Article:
See also:
» 01.03.2010 - Somalia’s TFG hailed after one year in power
» 23.02.2010 - Journalist abducted in Somalia
» 17.02.2010 - US restrictions hamper aid distribution in Somalia
» 17.02.2010 - Somali refugees moved to Ethiopia
» 08.02.2010 - Kenya dismiss reports on Somali army training
» 02.02.2010 - Somali militant group declares affiliation to al Qaeda
» 26.01.2010 - Official condemns Mogadishu bombing
» 20.01.2010 - Tighten controls on military assistance to Somalia - AI

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Society | Politics | Human rights

Somalis rejoice after Al-shabab’s defeat

afrol News, 12 January - Somalis are rejoicing following the defeat of the radical Islamic militant group Al-Shabab after heavy fighting that killed about 30 people in the town of Guriel in Central Somalia yesterday.

The fighting in Guriel, 500 kilometers north of the capital Mogadishu, involved the hardliners group al-Shabab and a local militia, Ahlu Sunna Waljamaca, according to witnesses.

Witnesses said houses were burnt yesterday when the insurgents shelled residential areas with mortars. However, residents say the town is calm and businesses have been re-opened after yesterday’s clash.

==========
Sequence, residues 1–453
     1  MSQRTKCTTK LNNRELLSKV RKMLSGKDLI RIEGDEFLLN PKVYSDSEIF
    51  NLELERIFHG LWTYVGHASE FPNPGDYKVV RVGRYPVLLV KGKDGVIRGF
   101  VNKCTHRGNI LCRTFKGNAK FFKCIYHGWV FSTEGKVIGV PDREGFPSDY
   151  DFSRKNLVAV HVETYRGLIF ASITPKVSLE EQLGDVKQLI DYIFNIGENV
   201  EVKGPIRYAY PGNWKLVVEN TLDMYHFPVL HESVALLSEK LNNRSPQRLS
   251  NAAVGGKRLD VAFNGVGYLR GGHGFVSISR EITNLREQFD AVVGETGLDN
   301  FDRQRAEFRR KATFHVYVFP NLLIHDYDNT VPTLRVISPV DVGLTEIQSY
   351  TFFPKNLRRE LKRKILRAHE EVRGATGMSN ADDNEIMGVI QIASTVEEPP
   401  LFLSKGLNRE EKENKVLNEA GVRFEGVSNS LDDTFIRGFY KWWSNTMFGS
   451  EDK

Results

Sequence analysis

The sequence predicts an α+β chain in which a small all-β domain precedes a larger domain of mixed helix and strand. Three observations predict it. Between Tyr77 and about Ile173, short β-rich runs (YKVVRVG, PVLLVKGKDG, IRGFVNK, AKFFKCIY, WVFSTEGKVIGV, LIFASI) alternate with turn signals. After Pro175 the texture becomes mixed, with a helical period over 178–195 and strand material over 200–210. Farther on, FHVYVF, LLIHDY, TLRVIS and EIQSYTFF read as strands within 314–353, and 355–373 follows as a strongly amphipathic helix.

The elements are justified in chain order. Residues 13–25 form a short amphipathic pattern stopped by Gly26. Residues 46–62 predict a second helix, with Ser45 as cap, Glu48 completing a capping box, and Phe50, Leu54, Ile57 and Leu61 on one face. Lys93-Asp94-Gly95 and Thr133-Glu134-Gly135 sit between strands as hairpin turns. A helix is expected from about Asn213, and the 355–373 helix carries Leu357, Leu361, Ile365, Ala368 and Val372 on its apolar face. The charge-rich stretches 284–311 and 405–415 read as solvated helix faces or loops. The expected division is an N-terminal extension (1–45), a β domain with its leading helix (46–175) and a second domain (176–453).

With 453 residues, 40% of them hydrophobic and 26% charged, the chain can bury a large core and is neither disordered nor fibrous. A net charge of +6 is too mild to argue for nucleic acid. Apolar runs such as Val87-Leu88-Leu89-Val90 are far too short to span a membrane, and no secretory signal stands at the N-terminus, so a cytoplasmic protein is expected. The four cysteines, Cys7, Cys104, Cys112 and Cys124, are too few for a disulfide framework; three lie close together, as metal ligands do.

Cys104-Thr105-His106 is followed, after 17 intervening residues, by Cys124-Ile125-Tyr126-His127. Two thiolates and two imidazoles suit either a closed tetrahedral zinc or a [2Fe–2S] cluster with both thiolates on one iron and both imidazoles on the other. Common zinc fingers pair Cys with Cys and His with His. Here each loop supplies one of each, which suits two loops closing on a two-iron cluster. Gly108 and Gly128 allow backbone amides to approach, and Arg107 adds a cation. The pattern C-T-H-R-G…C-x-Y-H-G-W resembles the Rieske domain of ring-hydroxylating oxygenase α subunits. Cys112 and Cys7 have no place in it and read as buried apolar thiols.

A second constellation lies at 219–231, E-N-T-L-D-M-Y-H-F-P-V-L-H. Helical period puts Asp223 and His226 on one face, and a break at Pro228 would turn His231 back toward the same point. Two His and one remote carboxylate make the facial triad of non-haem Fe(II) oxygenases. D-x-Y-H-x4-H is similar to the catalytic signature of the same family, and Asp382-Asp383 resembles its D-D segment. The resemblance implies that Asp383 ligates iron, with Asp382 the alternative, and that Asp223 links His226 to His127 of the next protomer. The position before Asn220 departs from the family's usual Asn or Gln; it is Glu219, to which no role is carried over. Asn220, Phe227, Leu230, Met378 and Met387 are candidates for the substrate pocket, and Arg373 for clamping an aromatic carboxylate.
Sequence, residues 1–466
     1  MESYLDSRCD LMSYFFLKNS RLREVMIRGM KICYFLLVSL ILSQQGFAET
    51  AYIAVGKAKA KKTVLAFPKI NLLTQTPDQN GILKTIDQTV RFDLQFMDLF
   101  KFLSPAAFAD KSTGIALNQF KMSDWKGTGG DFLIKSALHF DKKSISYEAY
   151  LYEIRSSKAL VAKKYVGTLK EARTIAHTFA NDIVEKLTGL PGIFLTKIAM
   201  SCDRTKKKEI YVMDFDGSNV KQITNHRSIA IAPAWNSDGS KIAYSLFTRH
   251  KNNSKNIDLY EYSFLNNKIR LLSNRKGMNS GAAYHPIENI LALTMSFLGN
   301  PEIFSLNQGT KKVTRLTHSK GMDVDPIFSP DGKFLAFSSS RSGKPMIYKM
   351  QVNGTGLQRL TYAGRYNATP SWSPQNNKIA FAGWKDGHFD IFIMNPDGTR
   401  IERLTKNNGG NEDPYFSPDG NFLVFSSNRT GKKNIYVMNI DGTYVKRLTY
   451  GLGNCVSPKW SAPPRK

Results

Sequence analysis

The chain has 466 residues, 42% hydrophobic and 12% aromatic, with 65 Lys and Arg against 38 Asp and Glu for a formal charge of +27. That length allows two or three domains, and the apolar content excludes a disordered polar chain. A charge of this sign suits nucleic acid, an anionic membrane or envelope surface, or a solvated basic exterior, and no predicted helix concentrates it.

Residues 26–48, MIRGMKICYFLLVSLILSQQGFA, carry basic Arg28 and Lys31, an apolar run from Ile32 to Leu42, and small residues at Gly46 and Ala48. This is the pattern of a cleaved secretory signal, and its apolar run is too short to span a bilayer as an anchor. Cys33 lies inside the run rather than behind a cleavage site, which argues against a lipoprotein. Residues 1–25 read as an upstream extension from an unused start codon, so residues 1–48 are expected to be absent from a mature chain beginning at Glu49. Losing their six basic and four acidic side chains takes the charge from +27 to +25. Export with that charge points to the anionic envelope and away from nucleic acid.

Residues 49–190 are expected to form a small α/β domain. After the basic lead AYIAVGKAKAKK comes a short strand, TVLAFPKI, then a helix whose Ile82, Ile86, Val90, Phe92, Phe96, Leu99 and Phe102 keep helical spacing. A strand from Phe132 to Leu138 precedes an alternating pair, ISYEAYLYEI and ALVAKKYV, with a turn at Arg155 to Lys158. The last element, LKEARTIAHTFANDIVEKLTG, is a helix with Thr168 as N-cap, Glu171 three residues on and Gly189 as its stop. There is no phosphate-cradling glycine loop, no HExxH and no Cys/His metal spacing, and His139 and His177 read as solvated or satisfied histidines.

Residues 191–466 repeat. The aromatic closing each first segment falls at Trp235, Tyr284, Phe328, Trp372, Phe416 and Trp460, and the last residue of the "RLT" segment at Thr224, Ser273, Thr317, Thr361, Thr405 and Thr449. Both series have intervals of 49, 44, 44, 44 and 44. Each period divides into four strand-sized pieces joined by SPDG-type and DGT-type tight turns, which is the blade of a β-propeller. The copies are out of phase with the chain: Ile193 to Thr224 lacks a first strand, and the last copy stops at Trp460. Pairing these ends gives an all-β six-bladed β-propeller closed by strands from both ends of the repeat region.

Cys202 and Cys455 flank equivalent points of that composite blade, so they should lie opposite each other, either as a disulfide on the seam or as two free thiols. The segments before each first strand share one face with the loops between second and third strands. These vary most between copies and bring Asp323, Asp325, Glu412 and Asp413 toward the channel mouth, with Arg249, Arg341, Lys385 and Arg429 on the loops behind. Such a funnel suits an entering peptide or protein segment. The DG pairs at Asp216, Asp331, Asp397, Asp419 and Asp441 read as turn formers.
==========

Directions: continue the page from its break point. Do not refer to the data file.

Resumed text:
Some witnesses of Sunday's clashes between al-Shabab and Ahlu Sunna Waljamaca say at least 20 people, mostly fighters of al-Shabab, were killed.

Local news reports said there has been a power struggle between Islamist factions since Ethiopia announced plans to withdraw its troops from Somalia. Ethiopian troops arrived in Somalia in 2006 to help the interim government oust Islamists from the capital.

Ethiopia which has begun to withdraw from Somalia, said it has done its part in ensuring stability in Somalia, claiming that international community has been aloof from Somali crisis, which gave them a challenge in battling insurgency in Somali.

Analysts have however indicated that Ethiopia's withdrawal in war torn Somalia, is likely to worsen the humanitarian situation.

Report said Al-Shabaab, which had occupied a larger part of Somalia before 2006 and opposes a peace deal with Somalia's transitional government, has been trying to take control of areas vacated by the Ethiopian troops.

About 3,400 Ugandan and Burundian peacekeepers from the African Union in Somalia are taking up positions vacated by the Ethiopians in an effort to stem the violence.

Somalia has been marred by constant conflict since the ouster of its former dictator Siad Barre was in the early 1990's.

Thousands of civilians have been killed in the fighting and hundreds of thousands have fled the capital. More than 2 million people are dependent on food aid in Somalia, and control of aid often has provoked fighting among Somalia's clan-based warlords.

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